Last month, Gainesville City Council members voted unanimously to remove one of the town’s two Confederate monuments. In a 4-1 decision Monday morning, Cooke County Commissioners opted to keep the other.
Activists from grassroots organization PRO Gainesville say the Confederate statue, which towers over the courthouse lawn, is a testament to white supremacist ideals. The group’s founder, Torrey Henderson, said although she was not surprised by the commissioners’ vote, she still felt “extreme disappointment.”
“When it comes to our community, it just kind of feels like they’re still going to hold onto these neo-Confederate emblems and they’re not wanting to progress,” she said. “It’s terrible.”
An engraving on the courthouse monument's base reads:
“No nation rose so white and fair,
None fell so pure of crime.”
Protests over the killing of George Floyd by Minneapolis police renewed calls for Confederate monuments to be dismantled nationwide. While some view the movement as long overdue, others believe that such memorials should stay.
During Monday’s specially called meeting, civilians spoke both for and against the statue’s removal, according to the Gainesville Daily Register. Four commissioners voted for the motion to remain; Cooke County Judge Jason Brinkley dissented.
Brinkley told the Observer that he’d proposed putting the issue on a ballot for a nonbinding referendum. He said he wanted to allow people on either side of the issue to have a say.
Henderson said that she appreciates the sentiment behind Brinkley’s vote, but a referendum likely wouldn’t help PRO Gainesville’s cause. As of 2019, Black people make up only 3.6% of Cooke County’s population, according to the U.S. Census Bureau.
Although he was outvoted, Brinkley said he respects the decision of the commissioners court.
“The broader conversation of race is one that we need to continue to have as a community,” he said. “But I hope we can … move our community forward collectively, in a positive way.”
Commissioners Gary Hollowell, John Klement, Leon Klement and Jason Snuggs did not respond to requests for comment.
Gainesville is the nation’s only host city for the Medal of Honor Host City Program, according to the organization’s website. The Medal of Honor is the U.S. military's highest decoration for valor in action, and each year the town hosts award recipients to promote patriotism.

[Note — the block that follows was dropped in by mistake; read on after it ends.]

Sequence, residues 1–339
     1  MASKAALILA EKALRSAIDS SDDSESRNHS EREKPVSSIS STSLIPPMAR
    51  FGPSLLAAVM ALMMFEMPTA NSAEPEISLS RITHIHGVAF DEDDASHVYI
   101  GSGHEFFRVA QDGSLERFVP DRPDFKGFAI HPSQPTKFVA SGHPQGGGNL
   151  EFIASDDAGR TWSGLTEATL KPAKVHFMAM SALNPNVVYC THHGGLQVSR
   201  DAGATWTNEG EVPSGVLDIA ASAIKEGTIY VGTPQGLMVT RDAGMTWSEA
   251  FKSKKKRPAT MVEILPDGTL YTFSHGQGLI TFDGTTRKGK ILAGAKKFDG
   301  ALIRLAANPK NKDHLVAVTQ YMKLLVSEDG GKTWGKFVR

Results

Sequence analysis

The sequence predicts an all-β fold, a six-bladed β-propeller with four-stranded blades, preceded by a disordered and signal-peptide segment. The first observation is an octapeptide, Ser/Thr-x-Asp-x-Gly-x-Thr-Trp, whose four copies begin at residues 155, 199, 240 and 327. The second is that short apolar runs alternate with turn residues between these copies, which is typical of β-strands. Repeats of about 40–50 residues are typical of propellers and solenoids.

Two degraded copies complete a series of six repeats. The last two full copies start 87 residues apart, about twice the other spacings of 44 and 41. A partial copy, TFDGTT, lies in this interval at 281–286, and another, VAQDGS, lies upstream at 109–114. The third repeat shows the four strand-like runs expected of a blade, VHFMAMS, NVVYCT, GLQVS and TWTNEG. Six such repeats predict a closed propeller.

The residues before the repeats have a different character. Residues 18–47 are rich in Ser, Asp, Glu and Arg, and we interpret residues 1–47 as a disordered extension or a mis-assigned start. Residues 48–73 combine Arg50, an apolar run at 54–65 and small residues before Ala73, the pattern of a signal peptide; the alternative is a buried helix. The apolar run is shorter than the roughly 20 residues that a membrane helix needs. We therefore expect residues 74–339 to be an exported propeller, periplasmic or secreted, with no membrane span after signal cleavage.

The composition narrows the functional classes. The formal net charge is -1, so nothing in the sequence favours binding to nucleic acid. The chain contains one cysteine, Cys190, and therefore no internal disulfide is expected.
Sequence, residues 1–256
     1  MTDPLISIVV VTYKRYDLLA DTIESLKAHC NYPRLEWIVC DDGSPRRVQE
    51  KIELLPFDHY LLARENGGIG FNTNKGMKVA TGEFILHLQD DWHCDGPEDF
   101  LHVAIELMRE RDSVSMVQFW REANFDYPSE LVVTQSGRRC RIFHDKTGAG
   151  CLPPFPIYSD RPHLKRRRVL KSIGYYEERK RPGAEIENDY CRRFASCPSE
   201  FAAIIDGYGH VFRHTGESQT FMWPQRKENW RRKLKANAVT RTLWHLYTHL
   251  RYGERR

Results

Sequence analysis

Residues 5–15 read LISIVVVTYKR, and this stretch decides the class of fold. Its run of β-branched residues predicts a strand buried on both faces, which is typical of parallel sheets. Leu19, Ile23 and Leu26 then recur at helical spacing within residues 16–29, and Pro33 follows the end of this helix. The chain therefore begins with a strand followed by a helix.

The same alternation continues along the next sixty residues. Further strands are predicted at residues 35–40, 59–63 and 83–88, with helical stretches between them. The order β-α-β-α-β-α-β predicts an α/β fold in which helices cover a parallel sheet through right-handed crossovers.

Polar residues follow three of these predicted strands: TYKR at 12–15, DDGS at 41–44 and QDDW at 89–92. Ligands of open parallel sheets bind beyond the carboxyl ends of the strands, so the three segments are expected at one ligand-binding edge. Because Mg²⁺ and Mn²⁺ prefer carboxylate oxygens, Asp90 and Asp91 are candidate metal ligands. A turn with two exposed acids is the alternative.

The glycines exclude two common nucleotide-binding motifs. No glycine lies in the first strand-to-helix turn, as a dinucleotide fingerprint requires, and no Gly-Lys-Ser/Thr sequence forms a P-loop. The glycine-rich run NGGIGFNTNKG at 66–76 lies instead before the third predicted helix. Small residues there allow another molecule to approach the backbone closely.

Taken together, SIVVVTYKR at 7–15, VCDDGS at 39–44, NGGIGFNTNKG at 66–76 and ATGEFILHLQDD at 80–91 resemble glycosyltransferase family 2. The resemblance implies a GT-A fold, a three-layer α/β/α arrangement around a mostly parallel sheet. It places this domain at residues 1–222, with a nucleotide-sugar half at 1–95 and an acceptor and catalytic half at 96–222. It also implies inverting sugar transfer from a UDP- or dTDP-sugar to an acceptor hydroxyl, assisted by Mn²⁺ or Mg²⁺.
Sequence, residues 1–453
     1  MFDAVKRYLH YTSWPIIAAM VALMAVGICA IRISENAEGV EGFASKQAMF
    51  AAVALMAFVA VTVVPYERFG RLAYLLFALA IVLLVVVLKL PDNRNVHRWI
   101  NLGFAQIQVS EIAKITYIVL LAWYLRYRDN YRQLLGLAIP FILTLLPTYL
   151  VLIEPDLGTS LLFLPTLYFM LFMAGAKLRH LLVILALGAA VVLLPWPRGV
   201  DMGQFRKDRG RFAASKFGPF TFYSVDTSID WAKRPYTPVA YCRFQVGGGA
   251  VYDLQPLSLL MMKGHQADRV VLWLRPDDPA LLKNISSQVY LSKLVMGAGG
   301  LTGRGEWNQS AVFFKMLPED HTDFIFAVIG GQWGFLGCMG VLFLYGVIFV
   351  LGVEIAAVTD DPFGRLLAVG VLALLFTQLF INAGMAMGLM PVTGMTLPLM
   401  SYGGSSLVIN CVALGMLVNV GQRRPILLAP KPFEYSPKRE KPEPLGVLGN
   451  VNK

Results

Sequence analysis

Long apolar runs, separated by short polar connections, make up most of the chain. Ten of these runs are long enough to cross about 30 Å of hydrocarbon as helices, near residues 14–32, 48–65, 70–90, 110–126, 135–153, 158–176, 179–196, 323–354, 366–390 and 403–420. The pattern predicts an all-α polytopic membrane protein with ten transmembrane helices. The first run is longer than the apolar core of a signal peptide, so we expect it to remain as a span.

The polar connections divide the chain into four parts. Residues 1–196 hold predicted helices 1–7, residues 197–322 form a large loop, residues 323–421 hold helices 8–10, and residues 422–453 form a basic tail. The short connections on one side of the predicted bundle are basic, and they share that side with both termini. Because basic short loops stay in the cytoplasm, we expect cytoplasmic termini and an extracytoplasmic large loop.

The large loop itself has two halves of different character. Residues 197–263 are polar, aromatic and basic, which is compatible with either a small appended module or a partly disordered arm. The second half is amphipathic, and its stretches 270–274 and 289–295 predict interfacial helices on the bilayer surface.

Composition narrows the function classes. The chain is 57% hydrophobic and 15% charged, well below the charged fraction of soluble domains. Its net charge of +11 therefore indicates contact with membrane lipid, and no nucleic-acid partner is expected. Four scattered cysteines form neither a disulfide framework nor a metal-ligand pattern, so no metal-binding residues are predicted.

As such, Gainesville has earned accolades as “the most patriotic town in America.” But Henderson said that considering the commissioners’ decision to keep the Confederate monument, the nickname may not fit.
“Gainesville prides itself on that title, and I got a lot of backlash because I mentioned that I felt like we need to choose patriotism over the Confederacy,” Henderson said. “But if that’s what we want for our community, then do we deserve to be [called] ‘the most patriotic town in America?’”
Following the meeting, PRO Gainesville demonstrators and their supporters protested outside Gainesville’s courthouse, Henderson said. Counterprotesters also appeared, and police helped keep tempers in check.
In cell phone videos, protesters can be heard chanting “Racism is not OK.” Henderson said the town’s Confederate statues are racist because they were built to glorify white supremacy.
The positioning of the monuments also matters, she said. One was built at the entrance of Leonard Park, which she said historically only allowed white people entry. The other was erected at the courthouse during a time when Black people were targets of voter suppression.
The United Daughters of the Confederacy, a hereditary group of women with ties to Confederate soldiers, had donated both statues in the early 20th century. That group's history has proven racist ties; a 1914 book titled The Ku Klux Klan or The Invisible Empire reveals it was unanimously endorsed by the UDC.
The novel's dedication is just as damning.
“This book is dedicated by the author to the Youth of the Southland, hoping that a perusal of its pages will inspire them with respect and admiration for the Confederate soldiers, who were the real Ku Klux Klan, and whose deeds of courage and valor, have never been surpassed, and rarely equalled, [sic] in the annals of history,” it reads.
The KKK is one of the country's oldest and most infamous hate groups.
Activist Jessica Luther Rummel is a University of North Texas doctoral student who has researched the region’s white supremacy ties for the past three years. In her thesis, she outlines an event that occurred in Gainesville in 1862 called “The Great Hanging,” during which at least 40 suspected Union sympathizers were hung as traitors to the Confederacy.
Gainesville has long had ties to the KKK, Henderson said. In 1923, a newspaper reported that several thousand robed Klan members paraded through the town, joined by a crowd of 18,000–20,000.
With that history as context, Luther Rummel called Monday’s vote “remarkable.” She said that the commissioners signaled to Black residents that monuments to white supremacy are more important than their feeling safe in their own community.
“They had to choose a side, and they did,” Luther Rummel said. “They told Black residents that their lives don’t matter.”
Joining the protest was Willie Hudspeth, president of Denton’s NAACP. For 21 years, he had protested for the removal of the Confederate monument outside Denton’s Courthouse-on-the-Square museum.
Denton County Commissioners voted to relocate it this summer.
Through her work, Luther Rummel also helped sway public opinion in favor of that statue’s removal, which she said commissioners had previously voted against 12 times.
Hudspeth said that Monday's meeting reminded him of his fight to have Denton’s statue dismantled. Although he said he was disappointed by the decision, he remains optimistic that Cooke County will eventually follow suit.
“I really do think it’s going to happen,” he said. “They’re getting there.”
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